Now for a little shameless self-promotion. The Ohio State Fair Fine Arts Exhibition is now open and will run until August 7th, 2011. Juror Eric Weeks has selected “Apple” for one of the three Juror’s Choice Awards in the professional division. For the complete list of award winners in both the professional and amateur divisions, please visit

Grass Green and a Fugitive Pigment

They  cut the grass on the Emmanuel College campus so today I went into manic mode. Wet grass clippings is chance favoring the prepared studio artist.

Mainly pictures this morning / night. I have been struggling with using grass as a pigment for the Anthotypes. The first one, because of the quality of paper and five coats, worked out well. This was coated days ago before the lawn mower cuttings became available (today). It is just waiting for the subject to arrive in the mail which is the fodder for a future blog entry. The second and third attempts are another story. I will let the captions do the talking. Besides the green, I have a discovery to report. The rose pigment is very sensitive to ambiant light i.e. fugitive! Please see the last picture.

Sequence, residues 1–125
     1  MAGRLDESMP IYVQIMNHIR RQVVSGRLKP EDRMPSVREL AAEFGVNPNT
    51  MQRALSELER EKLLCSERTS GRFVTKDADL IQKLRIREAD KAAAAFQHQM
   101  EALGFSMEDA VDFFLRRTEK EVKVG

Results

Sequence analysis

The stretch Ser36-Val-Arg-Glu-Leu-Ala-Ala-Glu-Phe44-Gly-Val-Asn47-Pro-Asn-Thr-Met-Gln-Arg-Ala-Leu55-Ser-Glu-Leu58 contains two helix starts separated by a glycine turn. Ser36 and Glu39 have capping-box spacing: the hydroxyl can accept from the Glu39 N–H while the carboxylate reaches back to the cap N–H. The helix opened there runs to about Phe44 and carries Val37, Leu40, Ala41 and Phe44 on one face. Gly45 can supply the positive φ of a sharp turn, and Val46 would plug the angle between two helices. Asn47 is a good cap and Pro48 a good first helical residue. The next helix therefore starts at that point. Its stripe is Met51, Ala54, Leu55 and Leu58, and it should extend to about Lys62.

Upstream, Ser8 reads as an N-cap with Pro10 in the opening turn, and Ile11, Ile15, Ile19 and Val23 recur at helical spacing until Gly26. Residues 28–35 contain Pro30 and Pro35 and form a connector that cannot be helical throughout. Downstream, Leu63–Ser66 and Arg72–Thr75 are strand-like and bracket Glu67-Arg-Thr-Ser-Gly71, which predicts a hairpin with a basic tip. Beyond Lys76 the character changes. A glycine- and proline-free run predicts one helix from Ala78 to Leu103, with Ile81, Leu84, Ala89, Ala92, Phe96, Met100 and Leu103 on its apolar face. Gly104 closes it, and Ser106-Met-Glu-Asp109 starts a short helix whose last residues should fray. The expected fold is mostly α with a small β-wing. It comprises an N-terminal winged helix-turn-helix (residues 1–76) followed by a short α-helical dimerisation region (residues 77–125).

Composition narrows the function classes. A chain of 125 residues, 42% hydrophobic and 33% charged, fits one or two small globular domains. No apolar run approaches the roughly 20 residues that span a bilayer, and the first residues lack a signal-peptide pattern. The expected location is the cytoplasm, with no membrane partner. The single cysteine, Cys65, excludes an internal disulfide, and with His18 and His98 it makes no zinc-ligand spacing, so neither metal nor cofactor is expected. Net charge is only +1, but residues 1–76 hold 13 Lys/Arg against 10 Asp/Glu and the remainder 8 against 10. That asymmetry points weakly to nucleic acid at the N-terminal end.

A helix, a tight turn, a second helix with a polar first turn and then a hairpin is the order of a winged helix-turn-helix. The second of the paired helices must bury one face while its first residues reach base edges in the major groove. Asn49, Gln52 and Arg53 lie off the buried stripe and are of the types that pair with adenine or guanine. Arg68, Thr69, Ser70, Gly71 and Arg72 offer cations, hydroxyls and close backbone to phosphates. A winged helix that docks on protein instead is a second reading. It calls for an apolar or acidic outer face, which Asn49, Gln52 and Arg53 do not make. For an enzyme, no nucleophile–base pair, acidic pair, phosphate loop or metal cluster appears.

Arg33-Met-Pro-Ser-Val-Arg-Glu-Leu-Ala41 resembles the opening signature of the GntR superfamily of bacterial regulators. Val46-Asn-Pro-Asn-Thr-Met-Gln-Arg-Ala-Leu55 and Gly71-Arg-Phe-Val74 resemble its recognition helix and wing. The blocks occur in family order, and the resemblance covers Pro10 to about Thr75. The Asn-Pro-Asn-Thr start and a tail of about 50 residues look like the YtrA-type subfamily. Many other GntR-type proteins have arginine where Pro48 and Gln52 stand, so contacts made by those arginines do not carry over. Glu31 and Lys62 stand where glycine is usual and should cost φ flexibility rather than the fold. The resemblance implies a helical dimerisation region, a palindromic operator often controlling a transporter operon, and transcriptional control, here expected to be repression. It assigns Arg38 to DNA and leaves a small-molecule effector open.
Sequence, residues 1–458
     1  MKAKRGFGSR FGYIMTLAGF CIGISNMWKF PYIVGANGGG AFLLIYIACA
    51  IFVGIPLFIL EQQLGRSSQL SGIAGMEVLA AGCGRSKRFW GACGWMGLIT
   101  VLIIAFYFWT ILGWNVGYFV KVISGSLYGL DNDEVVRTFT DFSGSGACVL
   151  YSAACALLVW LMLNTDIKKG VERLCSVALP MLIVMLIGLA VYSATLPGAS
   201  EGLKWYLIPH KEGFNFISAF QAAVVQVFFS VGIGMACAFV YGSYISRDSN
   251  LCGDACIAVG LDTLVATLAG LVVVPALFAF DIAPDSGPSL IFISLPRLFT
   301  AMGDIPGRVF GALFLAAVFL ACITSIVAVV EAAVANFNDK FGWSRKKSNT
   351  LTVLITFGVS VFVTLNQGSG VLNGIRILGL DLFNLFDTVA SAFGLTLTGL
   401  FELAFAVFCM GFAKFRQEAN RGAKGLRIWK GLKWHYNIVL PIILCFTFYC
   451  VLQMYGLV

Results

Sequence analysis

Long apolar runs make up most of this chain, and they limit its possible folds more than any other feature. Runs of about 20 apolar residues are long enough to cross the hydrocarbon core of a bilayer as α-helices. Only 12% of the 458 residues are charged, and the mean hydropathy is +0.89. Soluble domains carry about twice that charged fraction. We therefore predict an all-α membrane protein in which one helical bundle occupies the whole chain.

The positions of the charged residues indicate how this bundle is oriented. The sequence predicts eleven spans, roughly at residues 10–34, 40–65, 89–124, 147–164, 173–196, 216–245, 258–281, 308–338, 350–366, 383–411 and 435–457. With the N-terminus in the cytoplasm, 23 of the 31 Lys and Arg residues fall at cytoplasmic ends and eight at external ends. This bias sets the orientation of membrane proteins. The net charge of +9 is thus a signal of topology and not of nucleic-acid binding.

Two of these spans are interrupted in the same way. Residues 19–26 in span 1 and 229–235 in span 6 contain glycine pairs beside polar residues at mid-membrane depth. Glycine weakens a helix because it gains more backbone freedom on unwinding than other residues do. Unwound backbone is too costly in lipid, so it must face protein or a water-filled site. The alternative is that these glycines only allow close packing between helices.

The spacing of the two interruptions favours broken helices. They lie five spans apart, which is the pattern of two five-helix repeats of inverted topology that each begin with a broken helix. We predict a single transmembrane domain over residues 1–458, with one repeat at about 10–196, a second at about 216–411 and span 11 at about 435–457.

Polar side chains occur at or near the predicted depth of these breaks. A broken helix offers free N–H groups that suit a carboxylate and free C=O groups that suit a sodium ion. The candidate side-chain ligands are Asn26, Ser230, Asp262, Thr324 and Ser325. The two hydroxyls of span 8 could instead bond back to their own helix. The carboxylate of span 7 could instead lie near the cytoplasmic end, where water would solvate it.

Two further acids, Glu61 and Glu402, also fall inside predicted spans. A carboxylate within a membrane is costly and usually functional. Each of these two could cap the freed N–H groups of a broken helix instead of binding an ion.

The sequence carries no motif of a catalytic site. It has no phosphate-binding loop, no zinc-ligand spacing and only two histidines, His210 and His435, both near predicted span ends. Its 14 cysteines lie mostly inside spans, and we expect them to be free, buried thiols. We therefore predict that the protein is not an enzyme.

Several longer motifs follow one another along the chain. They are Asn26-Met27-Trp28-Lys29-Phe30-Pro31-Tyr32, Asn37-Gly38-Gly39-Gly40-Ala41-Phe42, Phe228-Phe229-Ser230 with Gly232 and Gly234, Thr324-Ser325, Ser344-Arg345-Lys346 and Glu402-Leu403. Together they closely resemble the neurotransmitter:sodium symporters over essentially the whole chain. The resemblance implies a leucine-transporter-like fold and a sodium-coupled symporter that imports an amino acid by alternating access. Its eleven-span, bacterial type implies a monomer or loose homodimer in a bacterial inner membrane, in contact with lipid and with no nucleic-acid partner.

The first attempt at grass which worked out well due to five coats of emulsion and the quality of the paper.

The Utrecht drawing paper soaks up emulsion and shows streaks. This is actually grass poultice pressed on top of the paper. In the photo above you can see this along with the second attempt.

Red rose pigment exhibiting signs of pattern fading after two weeks exposure to room lights.